Sunday, April 17, 2005

Author: Chris Van Allsburg

If you are a fan of Chris Van Allsburg's books you will not want to miss this article by Hilary Waldman. The piece describes his studio, home and inspiration for his unique storytelling.
Scattered on the drafting table these days are the typed, pencil-scratched pages of a new screenplay. Van Allsburg is adapting his 1995 story “The Widow’s Broom” as a movie scheduled for release by Paramount next year (a movie based on another of his books, “Zathura,” is due out late this year).

He works when his children, Sophia, 13, and Anna, 9, are in school. The studio is quiet. Music would interrupt his creative juices. Inspiration for Van Allsburg comes from the vacuum of a clear mind.


Mental multivitamin said...

From an entry I posted late last year (

That same year, 2000, in late November, we met Chris Van Allsburg.

The award-winning author and illustrator did not read his classic, The Polar Express, aloud. Rather, a professional storyteller gave a reading and Mr. Van Allsburg waited (imperiously) outside, deigning to sign books as frustrated children and their annoyed parents flooded out of the stuffy auditorium at the Museum of Science and Industry. (Do I sound a little uptight about this? Even now? Four years later? Call it the anal-retentive in me. The event was advertised as an author reading. It was not.)

Still, our two minutes with the author actually became a passage in the family narrative: Van Allsburg spoke to each of us and expressed (seemingly) genuine interest in the fact that we regularly used The Mysteries of Harris Burdick (which we brought for him to sign) for story-starters and writing prompts. And Miss M-mv(i) (who was a few months shy of 5 by then) had an opportunity to tell her then favorite artist how much she admires his "artwork."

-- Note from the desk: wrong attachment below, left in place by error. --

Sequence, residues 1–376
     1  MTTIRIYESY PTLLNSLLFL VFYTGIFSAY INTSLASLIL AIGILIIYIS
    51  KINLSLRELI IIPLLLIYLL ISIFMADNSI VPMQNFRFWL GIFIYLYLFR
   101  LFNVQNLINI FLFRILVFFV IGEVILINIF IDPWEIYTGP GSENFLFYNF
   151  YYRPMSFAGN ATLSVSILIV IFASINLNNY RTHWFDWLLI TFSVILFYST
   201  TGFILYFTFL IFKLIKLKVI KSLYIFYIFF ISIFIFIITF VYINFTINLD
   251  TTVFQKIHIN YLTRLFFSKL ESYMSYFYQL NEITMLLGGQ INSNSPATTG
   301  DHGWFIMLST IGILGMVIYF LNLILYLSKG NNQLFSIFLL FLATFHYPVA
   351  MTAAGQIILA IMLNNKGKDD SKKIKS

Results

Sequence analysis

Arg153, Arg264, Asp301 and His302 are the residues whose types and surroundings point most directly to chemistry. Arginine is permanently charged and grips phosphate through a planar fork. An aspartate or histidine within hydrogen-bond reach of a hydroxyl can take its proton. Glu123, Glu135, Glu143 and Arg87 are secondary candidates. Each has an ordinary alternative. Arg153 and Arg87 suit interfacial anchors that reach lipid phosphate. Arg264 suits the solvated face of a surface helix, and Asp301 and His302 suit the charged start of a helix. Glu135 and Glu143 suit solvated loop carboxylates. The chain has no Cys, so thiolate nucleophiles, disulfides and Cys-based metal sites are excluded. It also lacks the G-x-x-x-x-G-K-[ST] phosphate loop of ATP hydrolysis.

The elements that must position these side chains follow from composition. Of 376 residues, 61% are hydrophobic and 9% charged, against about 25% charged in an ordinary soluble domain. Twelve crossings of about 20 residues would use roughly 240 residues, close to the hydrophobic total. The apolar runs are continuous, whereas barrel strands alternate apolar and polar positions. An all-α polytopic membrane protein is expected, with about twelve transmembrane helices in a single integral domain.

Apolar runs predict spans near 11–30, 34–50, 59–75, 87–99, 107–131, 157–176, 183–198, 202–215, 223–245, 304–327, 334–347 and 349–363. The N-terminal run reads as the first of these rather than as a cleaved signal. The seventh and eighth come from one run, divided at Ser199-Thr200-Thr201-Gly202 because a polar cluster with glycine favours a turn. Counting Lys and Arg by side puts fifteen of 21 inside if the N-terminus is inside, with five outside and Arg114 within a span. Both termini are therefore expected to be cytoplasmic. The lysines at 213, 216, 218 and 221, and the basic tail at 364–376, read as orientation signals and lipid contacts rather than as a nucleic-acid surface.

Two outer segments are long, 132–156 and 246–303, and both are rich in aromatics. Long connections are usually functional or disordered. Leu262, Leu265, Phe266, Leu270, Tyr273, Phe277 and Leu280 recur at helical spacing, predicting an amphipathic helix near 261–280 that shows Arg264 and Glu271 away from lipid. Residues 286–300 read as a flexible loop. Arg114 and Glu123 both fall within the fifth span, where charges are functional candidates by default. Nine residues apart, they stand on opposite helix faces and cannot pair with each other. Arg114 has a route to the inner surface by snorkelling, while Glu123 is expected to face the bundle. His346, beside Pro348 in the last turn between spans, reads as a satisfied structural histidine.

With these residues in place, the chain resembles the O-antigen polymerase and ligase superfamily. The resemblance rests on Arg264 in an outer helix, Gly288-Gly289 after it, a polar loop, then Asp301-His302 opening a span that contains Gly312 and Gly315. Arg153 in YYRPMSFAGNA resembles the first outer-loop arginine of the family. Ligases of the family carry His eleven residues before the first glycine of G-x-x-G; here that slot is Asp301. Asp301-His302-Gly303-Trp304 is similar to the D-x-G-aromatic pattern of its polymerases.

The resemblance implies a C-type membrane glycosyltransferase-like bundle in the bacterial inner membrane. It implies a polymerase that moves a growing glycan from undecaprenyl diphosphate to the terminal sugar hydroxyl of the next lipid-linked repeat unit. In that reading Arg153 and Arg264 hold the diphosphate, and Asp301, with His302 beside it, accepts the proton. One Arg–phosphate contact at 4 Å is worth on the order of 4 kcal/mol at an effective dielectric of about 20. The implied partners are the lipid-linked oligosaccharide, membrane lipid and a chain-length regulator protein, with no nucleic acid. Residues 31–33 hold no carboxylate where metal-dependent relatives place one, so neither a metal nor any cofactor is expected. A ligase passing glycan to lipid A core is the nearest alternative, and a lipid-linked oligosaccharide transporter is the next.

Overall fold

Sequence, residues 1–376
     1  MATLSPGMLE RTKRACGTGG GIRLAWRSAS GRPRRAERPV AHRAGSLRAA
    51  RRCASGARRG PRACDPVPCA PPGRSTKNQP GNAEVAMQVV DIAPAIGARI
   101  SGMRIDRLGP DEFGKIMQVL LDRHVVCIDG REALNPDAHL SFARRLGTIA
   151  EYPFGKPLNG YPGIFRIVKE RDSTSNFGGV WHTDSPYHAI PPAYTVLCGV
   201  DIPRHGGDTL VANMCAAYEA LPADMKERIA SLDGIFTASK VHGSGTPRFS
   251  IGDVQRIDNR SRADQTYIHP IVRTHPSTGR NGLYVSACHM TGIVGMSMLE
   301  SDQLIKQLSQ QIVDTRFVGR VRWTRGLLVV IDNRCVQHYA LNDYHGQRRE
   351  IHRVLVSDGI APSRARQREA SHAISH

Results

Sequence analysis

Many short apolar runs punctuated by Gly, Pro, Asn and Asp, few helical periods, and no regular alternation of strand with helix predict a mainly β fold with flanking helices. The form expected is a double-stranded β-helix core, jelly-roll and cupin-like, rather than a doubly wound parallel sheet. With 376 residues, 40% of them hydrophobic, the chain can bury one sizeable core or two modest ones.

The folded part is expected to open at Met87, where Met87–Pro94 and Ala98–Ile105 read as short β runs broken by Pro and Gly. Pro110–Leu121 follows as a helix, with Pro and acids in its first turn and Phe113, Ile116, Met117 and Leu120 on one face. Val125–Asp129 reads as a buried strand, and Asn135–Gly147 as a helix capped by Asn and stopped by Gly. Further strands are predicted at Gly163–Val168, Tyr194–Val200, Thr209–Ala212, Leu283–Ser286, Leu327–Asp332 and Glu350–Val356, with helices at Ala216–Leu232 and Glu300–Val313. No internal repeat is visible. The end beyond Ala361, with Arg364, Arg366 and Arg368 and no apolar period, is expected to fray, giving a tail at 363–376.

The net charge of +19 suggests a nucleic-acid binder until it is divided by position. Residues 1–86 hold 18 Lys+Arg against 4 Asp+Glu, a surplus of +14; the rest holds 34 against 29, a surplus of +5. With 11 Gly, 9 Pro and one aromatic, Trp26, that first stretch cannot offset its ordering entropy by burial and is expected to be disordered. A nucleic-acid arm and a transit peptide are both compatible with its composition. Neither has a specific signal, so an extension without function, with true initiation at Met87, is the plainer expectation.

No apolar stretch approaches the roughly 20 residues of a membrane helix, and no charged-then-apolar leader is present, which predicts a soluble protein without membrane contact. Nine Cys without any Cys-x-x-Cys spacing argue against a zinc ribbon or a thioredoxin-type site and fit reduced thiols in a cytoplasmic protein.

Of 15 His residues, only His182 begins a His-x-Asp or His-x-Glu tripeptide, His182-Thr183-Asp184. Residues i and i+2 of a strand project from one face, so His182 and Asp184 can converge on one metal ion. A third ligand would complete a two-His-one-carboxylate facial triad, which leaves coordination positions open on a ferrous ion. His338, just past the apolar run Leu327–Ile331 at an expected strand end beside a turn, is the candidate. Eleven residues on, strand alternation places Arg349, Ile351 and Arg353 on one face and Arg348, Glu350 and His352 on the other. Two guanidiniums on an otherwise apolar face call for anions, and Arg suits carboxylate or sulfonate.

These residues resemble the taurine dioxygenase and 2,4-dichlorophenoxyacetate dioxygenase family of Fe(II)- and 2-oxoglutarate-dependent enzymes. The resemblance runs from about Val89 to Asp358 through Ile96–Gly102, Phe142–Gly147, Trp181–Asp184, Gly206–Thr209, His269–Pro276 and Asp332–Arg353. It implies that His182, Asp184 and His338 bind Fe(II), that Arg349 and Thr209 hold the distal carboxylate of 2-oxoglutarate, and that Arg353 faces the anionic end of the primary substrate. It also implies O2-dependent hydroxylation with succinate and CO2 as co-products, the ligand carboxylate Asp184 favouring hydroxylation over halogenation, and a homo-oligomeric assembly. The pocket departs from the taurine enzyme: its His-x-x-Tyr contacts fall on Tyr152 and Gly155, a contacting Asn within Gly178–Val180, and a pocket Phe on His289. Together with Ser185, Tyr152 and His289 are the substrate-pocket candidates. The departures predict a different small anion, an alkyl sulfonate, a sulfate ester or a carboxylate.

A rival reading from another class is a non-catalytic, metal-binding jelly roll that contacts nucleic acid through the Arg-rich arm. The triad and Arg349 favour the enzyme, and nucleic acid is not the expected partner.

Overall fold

Van Allsburg: How are you today?

Miss M-mv(i): Fine, thank you. And how are you?

Van Allsburg: Very good, thank you.

Mr. M-mv: Gabby is our resident artist, and she really admires your books.

Miss M-mv(i) (with her trademark animation): Yes, Mr. Van Allsburg! I just love your artwork! It's so wonderful! You do. Such. Good. Work!

Van Allsburg (a little taken aback): Well, Miss M-mv(i). I think you have a future on the stage.

(This remark on the heels of Master M-mv's orthodontist talking with an (as usual) animated Miss M-mv(i) just a few days before and concluding, "She's going to be an actress, no?")

This morning, I opened The Mysteries of Harris Burdick to a page at random.

He had warned her about the book. Now it was too late.

He does. Such. Good. Work.

Camille said...

How interesting...I would be the same way...uh... an "author reading" = an author who reads their work. Sounds like it was an "author viewing."

It is always interesting to see which authors/illustrators really do try to make a connection with their readers. I had the pleasure of watching Brian Jacques interact with young fans at a book signing and his kindness to them was tremendously moving.